We’ve lived so long under the spell of hierarchy—from god-kings to feudal lords to party bosses—that only recently have we awakened to see not only that “regular” citizens have the capacity for self-governance, but that without their engagement our huge global crises cannot be addressed. The changes needed for human society simply to survive, let alone thrive, are so profound that the only way we will move toward them is if we ourselves, regular citizens, feel meaningful ownership of solutions through direct engagement. Our problems are too big, interrelated, and pervasive to yield to directives from on high.
—Frances Moore Lapp√©, excerpt from Time for Progressives to Grow Up

Wednesday, April 13, 2016

Socialist Senator Explains the Difference Between Democrats and Republicans

Click here to access article by Mike Whitney from CounterPunch

No, Whitney is not referring to Bernie Sanders. He is referring to Huey Long who was governor of Louisiana and then US senator back in the early 1930s. Long thought he could fight and win against major corporations. Well, he won some minor skirmishes, but his character was severely attacked by the press media of that time, and in the end he was literally assassinated. Whitney draws a very limited lesson from his history to conclude that all we need today is another candidate like Long!
This is exactly what the country needs, a brassy-brawling chest-thumping populist who likes a good slugfest and doesn’t mind stretching the rules a bit when necessary. And if he happens to have some less-than-admirable human frailties, then so be it.
I simply don't understand Whitney and other such critics of the status quo. Surely he knows the sordid history of corporate takeover of all political institutions in the US since the 1930s. This history has led the US to what it is today: a capitalist Empire governed by a hidden "deep state" of financial, industrial, and military directors that control everything behind a facade of a democratic government staffed by their loyal employees. Surely he knows this! He has certainly written a number of articles describing it.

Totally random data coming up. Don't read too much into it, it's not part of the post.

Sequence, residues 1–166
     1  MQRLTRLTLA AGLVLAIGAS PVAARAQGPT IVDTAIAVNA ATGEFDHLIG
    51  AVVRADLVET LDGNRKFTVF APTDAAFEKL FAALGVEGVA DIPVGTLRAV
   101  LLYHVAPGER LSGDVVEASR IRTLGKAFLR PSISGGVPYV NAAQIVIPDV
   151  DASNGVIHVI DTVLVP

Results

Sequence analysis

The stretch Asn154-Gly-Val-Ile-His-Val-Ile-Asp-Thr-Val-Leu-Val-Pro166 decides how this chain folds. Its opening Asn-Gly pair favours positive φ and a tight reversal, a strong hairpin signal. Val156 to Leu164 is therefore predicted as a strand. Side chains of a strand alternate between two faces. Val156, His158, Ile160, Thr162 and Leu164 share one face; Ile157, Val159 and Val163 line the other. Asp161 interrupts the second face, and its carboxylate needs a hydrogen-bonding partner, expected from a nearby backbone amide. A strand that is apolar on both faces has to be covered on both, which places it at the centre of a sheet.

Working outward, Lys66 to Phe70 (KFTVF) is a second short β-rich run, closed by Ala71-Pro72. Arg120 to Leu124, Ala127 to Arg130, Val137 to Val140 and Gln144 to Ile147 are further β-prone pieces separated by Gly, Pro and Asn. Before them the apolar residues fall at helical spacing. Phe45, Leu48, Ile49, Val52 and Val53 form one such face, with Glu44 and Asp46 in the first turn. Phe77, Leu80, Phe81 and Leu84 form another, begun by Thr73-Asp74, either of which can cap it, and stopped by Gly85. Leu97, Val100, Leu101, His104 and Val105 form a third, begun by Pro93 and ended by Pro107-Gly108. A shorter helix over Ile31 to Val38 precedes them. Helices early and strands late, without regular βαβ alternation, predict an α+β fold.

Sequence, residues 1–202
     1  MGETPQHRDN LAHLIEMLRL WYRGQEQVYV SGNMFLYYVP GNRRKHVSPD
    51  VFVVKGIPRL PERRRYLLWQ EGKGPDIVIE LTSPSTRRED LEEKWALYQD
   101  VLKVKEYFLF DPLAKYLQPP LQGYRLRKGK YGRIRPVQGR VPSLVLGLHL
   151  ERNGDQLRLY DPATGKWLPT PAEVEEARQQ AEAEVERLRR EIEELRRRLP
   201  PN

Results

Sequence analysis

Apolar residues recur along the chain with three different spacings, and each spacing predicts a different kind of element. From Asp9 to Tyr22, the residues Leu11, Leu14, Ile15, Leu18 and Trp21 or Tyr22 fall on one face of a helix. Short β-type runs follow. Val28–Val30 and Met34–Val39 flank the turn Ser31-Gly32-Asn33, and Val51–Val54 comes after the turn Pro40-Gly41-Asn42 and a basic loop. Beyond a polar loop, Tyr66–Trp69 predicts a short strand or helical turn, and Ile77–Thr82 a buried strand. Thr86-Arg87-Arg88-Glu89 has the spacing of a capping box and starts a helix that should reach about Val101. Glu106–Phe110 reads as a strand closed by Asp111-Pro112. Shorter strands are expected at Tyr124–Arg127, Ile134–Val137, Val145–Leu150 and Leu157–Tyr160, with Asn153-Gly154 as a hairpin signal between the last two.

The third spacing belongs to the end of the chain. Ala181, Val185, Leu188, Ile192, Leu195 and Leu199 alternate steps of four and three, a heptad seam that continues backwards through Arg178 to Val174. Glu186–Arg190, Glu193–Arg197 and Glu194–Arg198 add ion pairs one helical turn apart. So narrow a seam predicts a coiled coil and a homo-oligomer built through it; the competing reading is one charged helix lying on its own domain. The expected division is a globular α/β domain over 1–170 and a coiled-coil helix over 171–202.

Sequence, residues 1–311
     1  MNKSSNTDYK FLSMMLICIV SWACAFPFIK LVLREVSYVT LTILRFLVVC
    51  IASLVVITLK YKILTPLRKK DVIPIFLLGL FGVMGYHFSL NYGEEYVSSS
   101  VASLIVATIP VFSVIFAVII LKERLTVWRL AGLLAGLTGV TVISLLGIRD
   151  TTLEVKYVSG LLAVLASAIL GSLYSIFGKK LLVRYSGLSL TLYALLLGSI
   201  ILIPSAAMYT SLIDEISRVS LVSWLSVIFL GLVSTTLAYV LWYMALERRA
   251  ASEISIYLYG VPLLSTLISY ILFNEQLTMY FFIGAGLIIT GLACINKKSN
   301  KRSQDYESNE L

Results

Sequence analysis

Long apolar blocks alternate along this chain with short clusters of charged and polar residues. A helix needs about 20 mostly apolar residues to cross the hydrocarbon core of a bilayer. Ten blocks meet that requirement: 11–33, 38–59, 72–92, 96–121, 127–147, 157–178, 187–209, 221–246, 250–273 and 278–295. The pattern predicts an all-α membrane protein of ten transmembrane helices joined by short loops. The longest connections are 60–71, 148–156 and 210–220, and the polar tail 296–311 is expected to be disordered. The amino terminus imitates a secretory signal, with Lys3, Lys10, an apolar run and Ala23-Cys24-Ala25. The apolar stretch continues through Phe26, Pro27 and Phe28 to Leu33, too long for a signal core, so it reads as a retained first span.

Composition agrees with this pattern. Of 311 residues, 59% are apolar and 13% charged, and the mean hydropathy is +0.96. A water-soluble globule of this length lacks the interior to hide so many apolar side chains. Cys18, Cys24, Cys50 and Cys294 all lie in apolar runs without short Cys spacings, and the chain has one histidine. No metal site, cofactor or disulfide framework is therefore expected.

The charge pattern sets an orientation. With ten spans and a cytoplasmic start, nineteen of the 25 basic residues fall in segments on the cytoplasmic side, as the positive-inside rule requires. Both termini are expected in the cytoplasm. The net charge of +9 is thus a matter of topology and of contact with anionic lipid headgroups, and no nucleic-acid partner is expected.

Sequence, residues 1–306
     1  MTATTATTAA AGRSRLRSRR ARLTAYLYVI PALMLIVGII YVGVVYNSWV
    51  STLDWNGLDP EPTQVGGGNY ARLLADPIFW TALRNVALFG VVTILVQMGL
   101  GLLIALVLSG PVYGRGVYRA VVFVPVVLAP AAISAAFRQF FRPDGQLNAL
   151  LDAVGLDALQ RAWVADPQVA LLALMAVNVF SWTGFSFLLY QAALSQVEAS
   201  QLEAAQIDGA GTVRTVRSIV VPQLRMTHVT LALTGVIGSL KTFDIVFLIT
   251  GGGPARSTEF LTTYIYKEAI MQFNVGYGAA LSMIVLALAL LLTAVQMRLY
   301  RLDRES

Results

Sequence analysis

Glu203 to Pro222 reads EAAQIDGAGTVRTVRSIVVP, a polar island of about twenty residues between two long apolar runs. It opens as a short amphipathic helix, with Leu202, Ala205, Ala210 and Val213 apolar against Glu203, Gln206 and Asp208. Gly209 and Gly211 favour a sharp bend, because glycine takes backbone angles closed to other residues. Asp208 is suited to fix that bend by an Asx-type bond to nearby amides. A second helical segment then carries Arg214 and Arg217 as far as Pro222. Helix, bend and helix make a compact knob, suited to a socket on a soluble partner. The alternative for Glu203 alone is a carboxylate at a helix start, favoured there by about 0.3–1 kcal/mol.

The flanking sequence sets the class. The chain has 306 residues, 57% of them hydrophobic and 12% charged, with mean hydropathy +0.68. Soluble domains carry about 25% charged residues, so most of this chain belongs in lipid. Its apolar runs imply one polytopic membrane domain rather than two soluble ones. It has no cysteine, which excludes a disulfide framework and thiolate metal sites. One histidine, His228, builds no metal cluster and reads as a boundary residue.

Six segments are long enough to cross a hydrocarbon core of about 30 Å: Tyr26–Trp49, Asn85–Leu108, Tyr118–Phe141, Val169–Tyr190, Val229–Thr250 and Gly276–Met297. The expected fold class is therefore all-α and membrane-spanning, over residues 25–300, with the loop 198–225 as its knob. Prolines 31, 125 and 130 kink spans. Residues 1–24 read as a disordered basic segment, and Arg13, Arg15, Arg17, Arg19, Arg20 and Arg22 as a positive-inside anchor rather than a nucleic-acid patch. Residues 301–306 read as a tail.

So, why does he write such articles as this one? Is it because he, like so many others, has also learned the real lesson of the Huey Longs of American history: that you can't fight and win against them in their system? Is it that he, too, has decided to play it safe because he fears the powers of the deep state to destroy people who fight against their system?

What we really need today are revolutionary-minded people who are willing to risk all and join together to end the ownership and control of our economy, country, and much of the world by capitalists.


  1. I don't see any contradiction with this piece and any other critiques by Whitney. Indeed he compares Long's treatment with the treatment given to true revolutionaries like Castro and Chavez. He writes, "Long of course has been given the same treatment as Castro and Chavez. Anyone who opposes glorious capitalism and works for the poor, the needy, the uneducated, the underrepresented or the unemployed, has to be discredited, denounced and demonized. And, so he has been. But he was a great leader who put the corporations in their place, helped to lift millions of people out of poverty, and single-handedly dragged Louisiana into the modern era." He concludes with "Booyah, Kingfish. We could use you now, buddy, that’s for sure." That's hardly playing it safe.

    Booyah, Kingfish. We could use you now, buddy, that’s for sure.

  2. Thanks for your comment.

    I was trying to make the point that fighting individually against the system doesn't accomplish anything, and I think that Huey Long's life is a perfect illustration of that. The ruling class doesn't mind people who support individual opposition to their rule because they have many ways of dealing with such people. What they really fear, as they did in the 1930s, is organized efforts to oppose their rule and their system. Thus, I think Whitney is playing it safe.


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